On July 24 the 14-mile handicap was won by Damphino with Pirate Jr. second, both boats being awarded silver cups. Vingt-trois and Delawanna were the other entries, the latter boat being obliged to withdraw on account of the rough water. The winner's elapsed time was 47 minutes 13 seconds, and Pirate Jr.'s time was 43 minutes 39 seconds. The final event, three times around the Frontenac triangular course, went to the Simplex in 47:42 actual time, followed by Pirate only eight seconds in her wake. This latter race was one of the prettiest ever witnessed in this locality, and was a fight to the finish between the old time St. Lawrence champion and the new seeker after laurels. Simplex is a new boat built last spring by the Simple Auto Co., at Astoria, L.I. She is 39 feet 6 inches long by 4 feet 9 inches beam, and has Simplex engines of 75 horsepower. Before she was sold to Commodore Bourne this boat was owned by Herbert Broesel and W. C. Whitehead of New York. Delawanna is the property of Walter Irwin of New York, son of May Irwin, the famous actress. She is 31 feet 10 inches long by 4 feet 2 inches breadth and had a 15 horsepower Fairbanks engine. Delawanna was built at Clayton last winter by George Miller.
On July 31 and August 1, at Alexandria Bay, under the auspices of the St. Lawrence River Y.C., a series of motor boat races were held during the recent water carnival and town celebration. Siroc won the second leg of the point race, and Pirate Jr. won from the Vingt-trois and Damphino in the free-for-all event. The Clayton Yacht Club held minor races on Aug. 5 and 6, which were won by the So-So, owner Ernest Serrell of Utica; What Next second. The Vingt-trois broke down on the course and withdrew.
On August 10 a race was held by the Frontenac Yacht Club for the trophy put up by Commodore Charles G. Emery of New York. The event was a handicap race three times around the course, or a distance of 21 miles, for boats of not less than 30 feet waterline. The cup, valued at $500, is to become the property of the person winning it three times. Last year was the first season of the Commodore's Race, and the cup was won by Jewel, owned by Mrs. E. S. Burke of Cleveland O. On the evening of August 10 a brilliant display of fireworks, accompanied by an illuminated yacht parade, took place at Hotel Frontenac.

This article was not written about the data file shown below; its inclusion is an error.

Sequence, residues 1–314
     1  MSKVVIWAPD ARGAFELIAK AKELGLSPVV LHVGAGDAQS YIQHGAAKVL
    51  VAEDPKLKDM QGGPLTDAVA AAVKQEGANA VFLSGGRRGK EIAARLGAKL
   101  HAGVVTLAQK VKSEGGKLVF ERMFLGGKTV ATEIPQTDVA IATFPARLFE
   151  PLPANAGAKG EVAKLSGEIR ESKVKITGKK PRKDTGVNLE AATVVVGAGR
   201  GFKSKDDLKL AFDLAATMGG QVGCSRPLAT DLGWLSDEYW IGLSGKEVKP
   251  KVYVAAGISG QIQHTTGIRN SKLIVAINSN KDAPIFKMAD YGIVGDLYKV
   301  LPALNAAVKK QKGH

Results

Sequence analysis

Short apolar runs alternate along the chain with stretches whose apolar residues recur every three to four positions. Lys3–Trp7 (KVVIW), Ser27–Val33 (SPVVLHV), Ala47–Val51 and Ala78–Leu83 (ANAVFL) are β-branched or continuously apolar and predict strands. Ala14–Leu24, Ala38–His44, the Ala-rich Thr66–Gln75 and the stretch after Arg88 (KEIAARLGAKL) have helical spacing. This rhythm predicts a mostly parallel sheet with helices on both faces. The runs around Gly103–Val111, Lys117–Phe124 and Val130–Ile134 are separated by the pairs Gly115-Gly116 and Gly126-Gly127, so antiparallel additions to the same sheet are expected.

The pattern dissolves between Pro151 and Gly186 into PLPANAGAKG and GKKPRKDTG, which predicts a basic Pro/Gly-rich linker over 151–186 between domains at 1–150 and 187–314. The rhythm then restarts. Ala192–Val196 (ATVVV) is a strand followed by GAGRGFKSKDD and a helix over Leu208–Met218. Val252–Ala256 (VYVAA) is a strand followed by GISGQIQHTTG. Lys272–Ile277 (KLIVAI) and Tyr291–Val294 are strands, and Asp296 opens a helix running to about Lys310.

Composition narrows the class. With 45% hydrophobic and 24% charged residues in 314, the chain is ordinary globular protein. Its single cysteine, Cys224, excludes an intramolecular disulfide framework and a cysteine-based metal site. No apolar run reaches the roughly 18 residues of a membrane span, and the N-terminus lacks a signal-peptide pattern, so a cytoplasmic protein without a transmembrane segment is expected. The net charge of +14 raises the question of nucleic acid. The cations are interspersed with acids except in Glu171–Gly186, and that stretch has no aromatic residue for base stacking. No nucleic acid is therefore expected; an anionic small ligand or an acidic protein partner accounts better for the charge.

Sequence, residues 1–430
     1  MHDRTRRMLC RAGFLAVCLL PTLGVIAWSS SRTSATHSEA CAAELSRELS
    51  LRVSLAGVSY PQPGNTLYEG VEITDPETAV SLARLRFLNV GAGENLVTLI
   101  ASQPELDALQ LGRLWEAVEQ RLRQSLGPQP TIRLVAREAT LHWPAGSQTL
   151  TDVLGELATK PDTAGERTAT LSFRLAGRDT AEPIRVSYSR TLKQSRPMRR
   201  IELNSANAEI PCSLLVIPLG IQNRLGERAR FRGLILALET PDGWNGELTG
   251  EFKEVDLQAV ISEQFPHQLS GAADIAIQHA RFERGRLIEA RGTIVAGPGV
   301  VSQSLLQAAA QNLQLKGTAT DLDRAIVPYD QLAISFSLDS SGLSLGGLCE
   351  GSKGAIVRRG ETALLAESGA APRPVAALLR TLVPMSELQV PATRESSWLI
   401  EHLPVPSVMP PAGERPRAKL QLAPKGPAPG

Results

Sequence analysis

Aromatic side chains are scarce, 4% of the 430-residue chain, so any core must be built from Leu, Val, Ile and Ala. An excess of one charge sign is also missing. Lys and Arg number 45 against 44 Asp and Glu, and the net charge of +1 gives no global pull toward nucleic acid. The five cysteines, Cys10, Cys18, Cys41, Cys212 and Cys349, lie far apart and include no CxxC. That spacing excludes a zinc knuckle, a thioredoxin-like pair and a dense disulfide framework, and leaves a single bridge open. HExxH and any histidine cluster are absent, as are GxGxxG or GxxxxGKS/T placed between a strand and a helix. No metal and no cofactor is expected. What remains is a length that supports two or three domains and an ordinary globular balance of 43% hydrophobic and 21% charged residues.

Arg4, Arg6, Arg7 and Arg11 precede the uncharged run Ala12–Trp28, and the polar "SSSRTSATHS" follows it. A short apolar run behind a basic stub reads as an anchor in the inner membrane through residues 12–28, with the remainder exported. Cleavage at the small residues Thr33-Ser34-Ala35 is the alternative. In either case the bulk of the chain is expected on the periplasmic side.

The entries for the race were the Pirate, Vingt-trois, Delawanna, Pirate Jr. and Stranger, owned by Commodore F. G. Bourne of the New York Yacht Club. The latter boat was formerly the Simplex XI and was sold early in August to Mr. Bourne.
The race was won by Stranger with time to spare, with Vingt-trois second, and Pirate in last. Delawanna broke her steering gear on the start and came off the course, while Pirate Jr. failed to enter on time, and was disqualified. The winner's time for the course was 47 minutes 14 seconds actual running speed. Vingt-trois lost a trifle on the middle lap, but came in strong at the finish, covering the distance in 64 minutes 1 second. Pirate made the second best time on the course, negotiating the 21 miles in 49 minutes 50 seconds. All of these boats, with the exception of Pirate Jr., were entered in the Gold Cup races at Chippewa Bay.
(Transcribed from Boating, Sep. 1907, pp. 46-47. )
[Thanks to Greg Calkins for help in preparing this page. LF]